The lead story in this week’s issue of OSV Newsweekly is an analysis by Hoffsman Ospino of Boston College on the issue of representation of Hispanic children in Catholic schools in the United States. The editors intentionally sought to raise this perennial and important issue as the Church in the United States observes Catholic Schools Week from Jan. 28 through Feb. 3.
The numbers that Ospino lays out — numbers that appeared in a 2016 study published by OSV — are striking. Hispanic children represent 8 million out of the total 14.6 million Catholic school-aged children in the United States today. And yet only 318,000 Hispanic Catholic children are enrolled in Catholic schools. We can, and must, do a better job of inviting young Hispanics into our schools. Embracing Hispanic families into the lives of Catholic parishes and schools is a great opportunity for the Church in the United States. We would argue that it is the single most important challenge facing the Church in the United States in coming years.
Based on feedback from the 2016 study, Ospino has identified three ways in which Catholics schools can better welcome Hispanic families: by forming relationships; by understanding that the Hispanic experience is different from the Anglo experience, and that, additionally, not all Hispanic families are the same; and by incorporating more Hispanics into leadership levels in Catholic schools, whether executives, principals or teachers.
Of course, just because an opportunity has presented itself doesn’t mean it won’t be tragically squandered. The Church in the United States has known for years that Hispanics are an underserved community. But properly integrating that community within the life of the Church requires a strategic investment of time and resources, as well as the willingness to prioritize and engage with a community that has unique complexities.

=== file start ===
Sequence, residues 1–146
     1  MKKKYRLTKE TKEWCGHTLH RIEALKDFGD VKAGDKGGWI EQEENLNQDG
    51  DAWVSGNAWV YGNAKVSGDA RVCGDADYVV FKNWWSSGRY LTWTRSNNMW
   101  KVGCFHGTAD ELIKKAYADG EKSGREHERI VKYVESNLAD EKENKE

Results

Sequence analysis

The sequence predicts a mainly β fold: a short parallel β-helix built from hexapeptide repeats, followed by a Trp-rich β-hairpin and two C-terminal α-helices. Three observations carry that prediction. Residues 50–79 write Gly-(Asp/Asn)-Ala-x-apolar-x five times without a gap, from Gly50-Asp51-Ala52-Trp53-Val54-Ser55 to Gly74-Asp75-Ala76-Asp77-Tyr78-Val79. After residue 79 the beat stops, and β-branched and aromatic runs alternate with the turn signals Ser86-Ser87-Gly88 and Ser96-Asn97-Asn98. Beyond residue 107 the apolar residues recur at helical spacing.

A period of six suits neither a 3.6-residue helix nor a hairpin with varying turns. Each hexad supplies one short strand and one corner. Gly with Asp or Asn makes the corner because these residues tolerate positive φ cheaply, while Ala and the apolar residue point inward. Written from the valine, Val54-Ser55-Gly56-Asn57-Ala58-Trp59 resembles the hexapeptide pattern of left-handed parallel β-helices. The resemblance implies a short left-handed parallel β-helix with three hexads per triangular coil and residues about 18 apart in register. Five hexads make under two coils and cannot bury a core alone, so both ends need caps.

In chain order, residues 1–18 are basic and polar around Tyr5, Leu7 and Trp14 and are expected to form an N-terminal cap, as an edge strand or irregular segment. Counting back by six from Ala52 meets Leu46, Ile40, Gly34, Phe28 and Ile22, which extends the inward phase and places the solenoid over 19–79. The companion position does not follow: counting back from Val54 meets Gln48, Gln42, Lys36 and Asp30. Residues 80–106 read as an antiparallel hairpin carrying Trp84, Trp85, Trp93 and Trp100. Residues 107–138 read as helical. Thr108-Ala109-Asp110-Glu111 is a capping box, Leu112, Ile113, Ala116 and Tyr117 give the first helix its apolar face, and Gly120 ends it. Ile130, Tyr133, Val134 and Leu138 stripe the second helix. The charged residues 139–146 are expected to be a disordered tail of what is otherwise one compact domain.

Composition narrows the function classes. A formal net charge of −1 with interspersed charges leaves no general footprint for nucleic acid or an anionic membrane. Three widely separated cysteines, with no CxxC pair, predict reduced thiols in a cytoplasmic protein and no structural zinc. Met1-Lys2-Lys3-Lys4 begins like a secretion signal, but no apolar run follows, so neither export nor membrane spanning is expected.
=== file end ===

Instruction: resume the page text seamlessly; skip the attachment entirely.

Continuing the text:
Despite these challenges, this integration is possible. An example of Catholic education contending with these realities in a very fruitful way is the Cristo Rey Network, which is composed of 32 Catholic preparatory schools across the United States that combine academics with professional work experience. The network’s website calls the approach “a powerful and innovative approach to inner-city education that equips students from economically disadvantaged families with the knowledge, character and skills to transform their lives.”
These challenges call to mind the words of Pope Francis in his 2013 apostolic exhortation Evangelii Gaudium (“The Joy of the Gospel”) that Jesus “hopes that we will stop looking for those personal or communal niches which shelter us from the maelstrom of human misfortune and instead enter into the reality of other people’s lives and know the power of tenderness. Whenever we do so, our lives become wonderfully complicated and we experience intensely what it is to be a people, to be part of a people” (Evangelii Gaudium, No. 270).
The Hispanic community is a great gift to the Church. Our parishes and, yes, our schools are richer because of their participation and their perspectives. By forming relationships, by striving to understand the Hispanic experience, by opening doors to Hispanic leadership, we only benefit.
The constant flurry of life in the Church can make a parish or diocese reluctant to invite the additional complication of new projects and efforts. That is not an option. The Church is tasked with taking the Gospel to the ends of the earth, but also with recognizing brothers and sisters in our midst. Embracing complication brings us more fully into our mission.
OSV Editorial Board: Don Clemmer, Gretchen R. Crowe, Scott Richert, York Young